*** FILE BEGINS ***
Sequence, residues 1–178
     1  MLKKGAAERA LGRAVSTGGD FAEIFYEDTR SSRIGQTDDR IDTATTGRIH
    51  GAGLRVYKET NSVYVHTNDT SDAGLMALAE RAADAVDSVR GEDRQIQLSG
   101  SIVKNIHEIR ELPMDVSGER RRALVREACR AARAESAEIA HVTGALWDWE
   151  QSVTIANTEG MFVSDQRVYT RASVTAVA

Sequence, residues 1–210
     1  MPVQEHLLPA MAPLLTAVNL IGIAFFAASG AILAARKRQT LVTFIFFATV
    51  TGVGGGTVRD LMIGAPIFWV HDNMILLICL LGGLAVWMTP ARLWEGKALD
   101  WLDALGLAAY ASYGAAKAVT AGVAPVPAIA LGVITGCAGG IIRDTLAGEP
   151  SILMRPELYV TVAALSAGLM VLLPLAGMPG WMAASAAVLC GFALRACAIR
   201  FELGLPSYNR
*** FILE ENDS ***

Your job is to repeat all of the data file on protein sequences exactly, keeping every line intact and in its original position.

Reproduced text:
Sequence, residues 1–178
     1  MLKKGAAERA LGRAVSTGGD FAEIFYEDTR SSRIGQTDDR IDTATTGRIH
    51  GAGLRVYKET NSVYVHTNDT SDAGLMALAE RAADAVDSVR GEDRQIQLSG
   101  SIVKNIHEIR ELPMDVSGER RRALVREACR AARAESAEIA HVTGALWDWE
   151  QSVTIANTEG MFVSDQRVYT RASVTAVA

Sequence, residues 1–210
     1  MPVQEHLLPA MAPLLTAVNL IGIAFFAASG AILAARKRQT LVTFIFFATV
    51  TGVGGGTVRD LMIGAPIFWV HDNMILLICL LGGLAVWMTP ARLWEGKALD
   101  WLDALGLAAY ASYGAAKAVT AGVAPVPAIA LGVITGCAGG IIRDTLAGEP
   151  SILMRPELYV TVAALSAGLM VLLPLAGMPG WMAASAAVLC GFALRACAIR
   201  FELGLPSYNR